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8 Tips To Improve Your Cell Phone Signal & Reception

8 Tips To Improve Your Cell Phone Signal & Reception

It’s a different world. In the beginning, the most common cell phone reception problems dealt with dropped calls and poor voice quality (which is still a common disruptive problem).

Now, poor cell phone reception also affects text messaging, internet, and emails. It’s very frustrating when you’re trying to send a quick message, but the progress bar sticks at 99%, then ultimately fails.

It’s even more annoying when you’re unable to upload a Facebook photo of something in the moment, but you keep getting sending errors. In a world dominated by social media, being unable to tweet, post on Pinterest or Facebook, is basically mobile death.

In fact, not having signal on your cell phone means you've got a glorified calculator.

However, there are a few easy tips and tricks you can use to help boost your cell phone strength.

1. Clear Out Obstructions

Your cell phone and cell phone tower play a game of Marco Polo every time you use your phone. One yells “Marco” and the other shouts back “Polo.”

When there’s a clear line of sight between them, it’s easy for the two to hear each other. But when there are objects and obstructions in between, it gets a little harder for the two to communicate. When you see people raising their phones or moving to a window, they are basically trying to reduce the interference between the cell phone and cell tower.

So simple tips such as moving outside, getting near a window (away from thick walls, insulated interiors, etc.), avoiding barriers such as trees, hills, mountains, metal structures, and tall buildings, and reducing clutter (e.g. trimming tall trees or bushes, tidying up an unorganized space, etc.) should help you get better reception.

Weather may also affect reception, too. But just remember this, less things between your cell phone and the cell tower, the easier the two can keep communicating. Even shifting your position a few feet can contribute to better reception.

Speaking of cell towers…

2. Locate Your Nearest Cell Tower(s)

Knowing the location of the closest cell phone tower helps tremendously when it comes to getting the best reception: the closer your phone is to the tower, the better the signal strength. We highly recommend cellreception.com. Use the cell tower map to find the nearest tower.

You can even further refine by carrier towers (Verizon, AT&T, Sprint, & T-Mobile), read , rate, and write reviews, and even search by ZIP code.

Also check out antennasearch.com. You’ll need to put in a full address, but you’ll get a detailed report about existing and future towers. You can also search for antennas. However, the ability to refine towers and antennas by carrier does not exist, so it’s a bit of a search.

If you prefer a dedicated app, OpenSignal’s Signal Booster and Akelon’s Signal Finder (both on iPhone and Android phones) are excellent apps with tower location and compass directions. There are also other signal finder apps that have been extensively reviewed.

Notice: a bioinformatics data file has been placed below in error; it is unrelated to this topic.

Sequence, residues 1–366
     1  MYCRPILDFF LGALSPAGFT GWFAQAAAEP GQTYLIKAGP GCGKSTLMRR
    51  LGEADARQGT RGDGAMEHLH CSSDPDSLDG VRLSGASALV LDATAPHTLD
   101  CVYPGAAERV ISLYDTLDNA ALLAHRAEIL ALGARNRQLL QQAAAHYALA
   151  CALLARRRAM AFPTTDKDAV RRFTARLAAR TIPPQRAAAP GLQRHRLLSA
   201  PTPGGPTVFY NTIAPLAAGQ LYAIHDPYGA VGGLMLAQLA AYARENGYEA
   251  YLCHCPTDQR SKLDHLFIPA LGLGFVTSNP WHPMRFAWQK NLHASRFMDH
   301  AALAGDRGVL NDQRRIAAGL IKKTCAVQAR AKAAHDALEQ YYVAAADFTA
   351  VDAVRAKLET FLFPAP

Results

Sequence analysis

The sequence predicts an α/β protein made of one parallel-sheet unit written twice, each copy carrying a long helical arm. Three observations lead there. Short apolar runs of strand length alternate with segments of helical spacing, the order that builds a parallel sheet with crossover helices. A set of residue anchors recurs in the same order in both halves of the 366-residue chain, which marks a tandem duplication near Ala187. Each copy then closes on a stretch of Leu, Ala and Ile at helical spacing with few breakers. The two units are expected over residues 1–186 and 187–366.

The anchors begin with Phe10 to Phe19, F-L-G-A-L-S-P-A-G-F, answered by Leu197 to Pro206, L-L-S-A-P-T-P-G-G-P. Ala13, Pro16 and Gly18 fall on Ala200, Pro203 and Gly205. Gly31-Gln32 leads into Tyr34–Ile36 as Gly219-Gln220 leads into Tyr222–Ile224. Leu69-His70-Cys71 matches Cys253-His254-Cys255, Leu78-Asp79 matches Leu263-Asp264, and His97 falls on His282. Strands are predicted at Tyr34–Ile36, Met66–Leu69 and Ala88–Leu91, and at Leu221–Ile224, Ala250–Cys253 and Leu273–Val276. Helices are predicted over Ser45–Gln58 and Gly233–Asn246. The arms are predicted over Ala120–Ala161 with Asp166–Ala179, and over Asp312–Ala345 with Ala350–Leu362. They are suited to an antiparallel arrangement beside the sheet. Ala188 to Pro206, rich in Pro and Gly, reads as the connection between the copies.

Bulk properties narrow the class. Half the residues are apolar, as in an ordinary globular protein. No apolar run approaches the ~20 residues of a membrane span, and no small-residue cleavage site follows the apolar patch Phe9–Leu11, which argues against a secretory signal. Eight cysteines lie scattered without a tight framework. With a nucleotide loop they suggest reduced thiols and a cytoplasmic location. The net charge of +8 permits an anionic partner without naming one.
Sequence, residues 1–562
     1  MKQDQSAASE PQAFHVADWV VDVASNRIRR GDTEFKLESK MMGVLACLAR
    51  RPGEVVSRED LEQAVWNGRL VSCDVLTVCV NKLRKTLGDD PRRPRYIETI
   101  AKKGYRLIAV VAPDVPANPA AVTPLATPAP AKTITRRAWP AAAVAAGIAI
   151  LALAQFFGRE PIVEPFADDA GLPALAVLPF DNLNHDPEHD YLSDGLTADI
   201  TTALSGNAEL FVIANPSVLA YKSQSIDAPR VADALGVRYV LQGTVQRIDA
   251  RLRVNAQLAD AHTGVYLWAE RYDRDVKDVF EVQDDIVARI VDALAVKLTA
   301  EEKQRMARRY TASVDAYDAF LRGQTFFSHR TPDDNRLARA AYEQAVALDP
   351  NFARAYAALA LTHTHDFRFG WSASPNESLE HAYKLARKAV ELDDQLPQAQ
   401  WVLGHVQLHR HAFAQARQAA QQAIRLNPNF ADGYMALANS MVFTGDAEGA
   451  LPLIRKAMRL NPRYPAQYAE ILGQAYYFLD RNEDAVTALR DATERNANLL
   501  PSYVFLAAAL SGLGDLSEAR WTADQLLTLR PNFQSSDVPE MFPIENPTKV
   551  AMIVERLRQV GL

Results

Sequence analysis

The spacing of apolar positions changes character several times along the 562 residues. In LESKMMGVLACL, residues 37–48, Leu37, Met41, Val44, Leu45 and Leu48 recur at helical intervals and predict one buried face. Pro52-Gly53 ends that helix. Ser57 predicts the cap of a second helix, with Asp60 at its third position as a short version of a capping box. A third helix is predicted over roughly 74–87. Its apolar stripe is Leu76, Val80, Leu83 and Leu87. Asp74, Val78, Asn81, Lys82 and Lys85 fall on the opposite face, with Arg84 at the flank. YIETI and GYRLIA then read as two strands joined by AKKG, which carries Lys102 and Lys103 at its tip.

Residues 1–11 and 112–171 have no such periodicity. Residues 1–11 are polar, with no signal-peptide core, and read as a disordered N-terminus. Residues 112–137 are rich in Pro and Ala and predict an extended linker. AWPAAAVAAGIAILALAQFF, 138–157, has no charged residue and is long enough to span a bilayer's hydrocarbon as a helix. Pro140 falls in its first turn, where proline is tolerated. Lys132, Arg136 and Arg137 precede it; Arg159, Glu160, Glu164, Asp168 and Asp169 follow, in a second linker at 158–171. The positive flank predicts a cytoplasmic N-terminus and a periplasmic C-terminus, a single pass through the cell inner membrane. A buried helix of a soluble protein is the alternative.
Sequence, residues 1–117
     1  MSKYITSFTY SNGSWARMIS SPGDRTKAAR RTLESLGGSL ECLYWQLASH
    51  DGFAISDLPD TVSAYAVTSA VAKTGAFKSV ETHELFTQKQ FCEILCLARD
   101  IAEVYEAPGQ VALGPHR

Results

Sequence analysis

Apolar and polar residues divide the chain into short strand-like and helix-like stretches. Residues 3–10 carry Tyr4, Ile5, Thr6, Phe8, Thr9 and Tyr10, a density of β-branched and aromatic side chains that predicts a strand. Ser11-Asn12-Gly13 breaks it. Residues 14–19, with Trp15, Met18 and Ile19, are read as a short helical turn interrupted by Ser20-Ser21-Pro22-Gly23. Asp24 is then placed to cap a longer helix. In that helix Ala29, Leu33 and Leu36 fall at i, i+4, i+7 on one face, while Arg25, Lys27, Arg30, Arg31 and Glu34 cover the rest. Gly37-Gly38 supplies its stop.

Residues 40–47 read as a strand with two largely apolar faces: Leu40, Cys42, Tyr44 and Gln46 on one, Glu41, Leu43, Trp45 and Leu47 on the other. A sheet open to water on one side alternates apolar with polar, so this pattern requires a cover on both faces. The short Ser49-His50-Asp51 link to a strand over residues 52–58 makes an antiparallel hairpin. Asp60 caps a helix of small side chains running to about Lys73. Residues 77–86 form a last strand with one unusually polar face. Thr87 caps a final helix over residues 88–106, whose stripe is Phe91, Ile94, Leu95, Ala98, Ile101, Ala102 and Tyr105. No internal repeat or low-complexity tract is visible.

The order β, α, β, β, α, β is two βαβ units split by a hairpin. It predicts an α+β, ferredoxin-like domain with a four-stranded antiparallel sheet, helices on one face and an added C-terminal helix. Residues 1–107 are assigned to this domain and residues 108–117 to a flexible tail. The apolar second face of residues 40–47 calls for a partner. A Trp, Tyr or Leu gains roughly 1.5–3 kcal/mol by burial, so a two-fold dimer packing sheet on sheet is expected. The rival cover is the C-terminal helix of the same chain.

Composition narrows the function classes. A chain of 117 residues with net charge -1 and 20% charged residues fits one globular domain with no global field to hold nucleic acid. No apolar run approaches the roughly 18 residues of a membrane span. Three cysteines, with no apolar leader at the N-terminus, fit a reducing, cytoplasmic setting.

For the technically-minded, you can use your phone settings to read decibel (dB) gain. Any reading with a -50 is considered full strength. Anything -113 and below means it’s a dead zone. So your working signal reading should be between -50 and -113. And don’t rely on the bars too much. There’s no industry standard to represent dB gain, so one carrier’s one bar could be another company’s three bars. The most reliable way is to read dB gain.

Here are options to display the dB gain reading on your smartphone:

So to see how strong your signal is, use the following instructions to see dB reading if you own an iPhone:

  • 1.Go into Phone Mode
  • 2.Dial and Call *3001#12345#*
  • 3.You'll enter Field Test Mode
  • 4.Drag down your notifications bar and you will see your dB reading in the left-hand corner.

So to see how strong your signal is, use the following instructions to see dB reading if you own an Android:

  • 1.Access Settings
  • 2.The General
  • 3.Go to About Phone
  • 4.Network or Status
  • 5.You should see your dB Value

3. Keep Your Battery Full

Your phone needs to do many things. Connecting to a cell tower takes a constant supply of power, so if you’re low on battery, your phone might not have enough juice to find a signal.

Best practices such as turning off hardware options like Bluetooth or NFC when you’re not using it, adjusting screen brightness, closing unnecessary apps working in the background and updating to newer versions that may use less power, reducing push notifications, keeping your phone away from extreme temperature, and updating to the latest software/firmware of your operating system are a few examples that will definitely lead to a longer lasting battery.